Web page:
“He has this Irish twinkle in his eye as he’s speaking,” said Madelyn Millard, president of the Kentucky Horse Council. “He’s engaging, and he’s exciting to listen to because he’s excited about what’s happening. He has my utmost admiration. He has a vision and a determination and will to see that vision through until completion.”
Millard sees a personal strength in Pearse that she believes has carried over to all his ventures. “Like any other successful entrepreneur, they have a public and private persona,” she said. “I believe it’s his strength in his private persona that has overcome hurdles such as the economy, and I have no doubt that his very strong, very keen business sense has seen us past things that might have been limiting to other people.”
All About Alltech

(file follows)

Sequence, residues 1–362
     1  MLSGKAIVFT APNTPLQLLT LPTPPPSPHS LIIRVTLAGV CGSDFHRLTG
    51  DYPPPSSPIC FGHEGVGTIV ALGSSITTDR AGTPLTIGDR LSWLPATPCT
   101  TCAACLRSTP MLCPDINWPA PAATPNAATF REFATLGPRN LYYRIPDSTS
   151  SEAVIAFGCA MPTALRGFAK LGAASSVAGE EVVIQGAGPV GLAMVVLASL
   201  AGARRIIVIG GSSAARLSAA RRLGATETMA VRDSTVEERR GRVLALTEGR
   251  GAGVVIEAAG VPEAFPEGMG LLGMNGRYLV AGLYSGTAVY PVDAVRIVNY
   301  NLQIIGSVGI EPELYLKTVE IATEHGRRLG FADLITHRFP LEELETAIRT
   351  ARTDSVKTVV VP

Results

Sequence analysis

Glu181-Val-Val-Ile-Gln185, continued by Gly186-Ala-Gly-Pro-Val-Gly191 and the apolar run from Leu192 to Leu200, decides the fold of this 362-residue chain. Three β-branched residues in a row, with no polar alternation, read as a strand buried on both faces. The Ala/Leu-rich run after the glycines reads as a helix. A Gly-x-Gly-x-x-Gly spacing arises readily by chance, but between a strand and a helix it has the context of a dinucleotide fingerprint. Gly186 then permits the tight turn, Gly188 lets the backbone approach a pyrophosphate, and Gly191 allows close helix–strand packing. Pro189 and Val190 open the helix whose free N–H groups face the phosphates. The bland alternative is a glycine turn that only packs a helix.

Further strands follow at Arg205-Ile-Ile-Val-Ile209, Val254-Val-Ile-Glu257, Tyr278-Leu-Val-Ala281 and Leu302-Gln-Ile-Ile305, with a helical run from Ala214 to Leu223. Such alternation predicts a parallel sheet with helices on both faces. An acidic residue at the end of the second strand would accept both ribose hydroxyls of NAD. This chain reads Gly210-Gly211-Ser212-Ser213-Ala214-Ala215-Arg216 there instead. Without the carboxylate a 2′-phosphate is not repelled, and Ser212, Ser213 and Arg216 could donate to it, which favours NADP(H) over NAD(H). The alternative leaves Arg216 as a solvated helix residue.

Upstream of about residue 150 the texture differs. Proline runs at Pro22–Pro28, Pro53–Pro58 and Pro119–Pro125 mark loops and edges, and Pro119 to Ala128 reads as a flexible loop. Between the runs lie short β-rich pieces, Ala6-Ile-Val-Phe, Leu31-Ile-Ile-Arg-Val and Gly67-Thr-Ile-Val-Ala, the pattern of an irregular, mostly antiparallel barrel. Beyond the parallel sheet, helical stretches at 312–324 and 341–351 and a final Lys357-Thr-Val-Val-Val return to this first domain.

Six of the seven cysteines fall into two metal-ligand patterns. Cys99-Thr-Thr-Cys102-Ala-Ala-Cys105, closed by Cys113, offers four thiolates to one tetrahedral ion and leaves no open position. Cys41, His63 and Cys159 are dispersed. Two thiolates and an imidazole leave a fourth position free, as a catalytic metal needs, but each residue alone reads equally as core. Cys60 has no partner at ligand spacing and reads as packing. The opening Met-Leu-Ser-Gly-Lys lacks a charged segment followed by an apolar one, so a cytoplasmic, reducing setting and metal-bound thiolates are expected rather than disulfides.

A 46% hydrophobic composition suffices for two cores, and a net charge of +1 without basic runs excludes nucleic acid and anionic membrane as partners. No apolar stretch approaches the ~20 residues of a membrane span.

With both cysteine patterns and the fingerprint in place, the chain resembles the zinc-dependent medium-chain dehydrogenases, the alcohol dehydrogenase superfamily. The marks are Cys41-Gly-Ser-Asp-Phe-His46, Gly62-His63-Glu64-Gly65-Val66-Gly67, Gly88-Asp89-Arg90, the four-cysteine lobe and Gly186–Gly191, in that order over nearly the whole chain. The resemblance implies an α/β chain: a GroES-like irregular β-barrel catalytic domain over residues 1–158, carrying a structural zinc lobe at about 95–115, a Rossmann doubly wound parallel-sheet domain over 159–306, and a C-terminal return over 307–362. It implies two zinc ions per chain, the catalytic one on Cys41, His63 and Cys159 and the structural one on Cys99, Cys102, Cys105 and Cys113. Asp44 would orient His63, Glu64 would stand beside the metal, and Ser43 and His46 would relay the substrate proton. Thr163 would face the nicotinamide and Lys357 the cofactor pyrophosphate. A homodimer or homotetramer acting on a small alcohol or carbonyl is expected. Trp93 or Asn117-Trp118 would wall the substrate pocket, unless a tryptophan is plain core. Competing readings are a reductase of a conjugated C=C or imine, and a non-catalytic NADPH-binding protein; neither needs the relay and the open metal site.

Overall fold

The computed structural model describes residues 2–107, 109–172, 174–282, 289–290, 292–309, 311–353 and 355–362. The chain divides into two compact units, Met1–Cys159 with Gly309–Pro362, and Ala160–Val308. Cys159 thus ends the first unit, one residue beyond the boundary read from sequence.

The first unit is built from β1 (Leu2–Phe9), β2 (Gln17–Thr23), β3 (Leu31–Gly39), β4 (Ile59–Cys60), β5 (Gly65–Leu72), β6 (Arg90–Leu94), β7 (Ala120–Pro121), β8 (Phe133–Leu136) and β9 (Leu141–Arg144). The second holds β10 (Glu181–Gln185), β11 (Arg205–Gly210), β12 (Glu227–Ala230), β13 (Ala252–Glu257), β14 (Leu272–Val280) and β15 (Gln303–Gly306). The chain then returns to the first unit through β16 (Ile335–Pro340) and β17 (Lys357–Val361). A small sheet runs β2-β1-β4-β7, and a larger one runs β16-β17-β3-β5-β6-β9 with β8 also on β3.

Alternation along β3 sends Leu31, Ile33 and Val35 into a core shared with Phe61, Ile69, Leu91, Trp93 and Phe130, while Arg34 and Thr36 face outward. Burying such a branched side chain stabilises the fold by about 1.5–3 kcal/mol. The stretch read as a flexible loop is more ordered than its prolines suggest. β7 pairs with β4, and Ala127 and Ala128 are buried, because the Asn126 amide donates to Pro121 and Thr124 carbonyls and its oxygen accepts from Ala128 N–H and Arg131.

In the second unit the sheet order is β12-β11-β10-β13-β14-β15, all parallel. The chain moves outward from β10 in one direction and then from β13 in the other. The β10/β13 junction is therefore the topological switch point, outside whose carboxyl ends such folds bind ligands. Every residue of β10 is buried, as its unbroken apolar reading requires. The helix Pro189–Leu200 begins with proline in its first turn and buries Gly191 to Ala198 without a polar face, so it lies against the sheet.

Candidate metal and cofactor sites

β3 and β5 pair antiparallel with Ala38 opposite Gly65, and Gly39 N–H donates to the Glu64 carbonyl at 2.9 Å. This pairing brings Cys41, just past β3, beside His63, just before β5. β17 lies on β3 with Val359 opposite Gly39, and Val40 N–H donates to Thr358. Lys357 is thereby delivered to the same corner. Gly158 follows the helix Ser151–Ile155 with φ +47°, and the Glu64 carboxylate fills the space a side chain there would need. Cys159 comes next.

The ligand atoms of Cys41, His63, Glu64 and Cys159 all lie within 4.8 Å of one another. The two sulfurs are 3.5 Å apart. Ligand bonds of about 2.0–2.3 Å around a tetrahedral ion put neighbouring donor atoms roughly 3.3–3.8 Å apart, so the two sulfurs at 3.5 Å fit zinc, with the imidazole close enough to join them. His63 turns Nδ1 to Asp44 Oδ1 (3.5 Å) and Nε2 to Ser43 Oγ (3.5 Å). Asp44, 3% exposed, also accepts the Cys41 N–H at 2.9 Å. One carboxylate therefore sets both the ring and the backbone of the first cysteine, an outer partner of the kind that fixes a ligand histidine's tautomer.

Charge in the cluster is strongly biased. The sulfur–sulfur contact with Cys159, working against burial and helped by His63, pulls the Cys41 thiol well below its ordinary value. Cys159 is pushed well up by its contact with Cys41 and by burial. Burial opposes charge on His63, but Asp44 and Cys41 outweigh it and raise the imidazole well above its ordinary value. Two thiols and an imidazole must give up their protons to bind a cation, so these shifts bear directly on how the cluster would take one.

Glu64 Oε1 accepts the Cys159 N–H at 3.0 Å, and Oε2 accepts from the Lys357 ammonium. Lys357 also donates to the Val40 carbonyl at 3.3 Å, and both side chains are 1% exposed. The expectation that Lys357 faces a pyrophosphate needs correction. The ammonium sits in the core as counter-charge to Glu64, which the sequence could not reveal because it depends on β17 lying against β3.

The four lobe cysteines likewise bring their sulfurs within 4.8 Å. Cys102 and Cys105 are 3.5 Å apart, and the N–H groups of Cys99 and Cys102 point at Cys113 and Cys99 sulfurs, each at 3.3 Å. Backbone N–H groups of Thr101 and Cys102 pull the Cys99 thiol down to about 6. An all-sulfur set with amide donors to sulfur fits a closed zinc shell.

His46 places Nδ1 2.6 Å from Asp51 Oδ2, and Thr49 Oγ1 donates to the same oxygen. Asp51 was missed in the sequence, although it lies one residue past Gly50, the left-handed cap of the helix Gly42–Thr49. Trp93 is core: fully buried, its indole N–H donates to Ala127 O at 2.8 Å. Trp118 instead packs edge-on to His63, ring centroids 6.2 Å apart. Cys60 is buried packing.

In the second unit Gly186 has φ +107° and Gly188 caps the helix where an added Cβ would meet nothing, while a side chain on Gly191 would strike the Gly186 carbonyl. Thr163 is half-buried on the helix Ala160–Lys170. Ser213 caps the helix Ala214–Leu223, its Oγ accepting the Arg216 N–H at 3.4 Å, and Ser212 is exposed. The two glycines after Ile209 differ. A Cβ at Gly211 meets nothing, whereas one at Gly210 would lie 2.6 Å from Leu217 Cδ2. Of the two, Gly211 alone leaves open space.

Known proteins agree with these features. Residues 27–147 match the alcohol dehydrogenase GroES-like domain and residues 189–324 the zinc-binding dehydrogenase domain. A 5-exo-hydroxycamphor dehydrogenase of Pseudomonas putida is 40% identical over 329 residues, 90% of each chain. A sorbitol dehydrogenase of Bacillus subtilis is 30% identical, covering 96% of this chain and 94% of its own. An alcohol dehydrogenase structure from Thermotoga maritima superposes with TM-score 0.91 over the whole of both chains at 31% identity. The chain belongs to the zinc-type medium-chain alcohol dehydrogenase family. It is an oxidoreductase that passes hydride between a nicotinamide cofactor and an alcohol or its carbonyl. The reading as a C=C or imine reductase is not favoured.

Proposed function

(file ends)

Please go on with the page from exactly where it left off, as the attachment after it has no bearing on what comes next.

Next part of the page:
After building businesses for two other companies in his early career, Pearse decided it was time to build his own. He founded Alltech in October of 1980, investing everything he had into the company. By Christmas, they were making a profit. Alltech’s early success was in large part due to its niche, utilizing yeast in the majority of its products.
“Yeast has application everywhere,” said Pearse. “Using yeast as a catalyst, we built a business. That business stretches from the human side, all the way through animals, to baker’s yeast, supplements, but most of our business has to do with improving the health of animals.”
Pearse holds master’s and doctorate degrees in fermentation from the University of Birmingham in England and attended the British University of Malting and Brewing. In addition to Alltech’s animal health and human health products, Alltech’s Lexington Brewing Company has been producing beer since 2000.
“Some people have a Ph.D in drinking beer, but I have a Ph.D in making beer,” Pearse said with a laugh.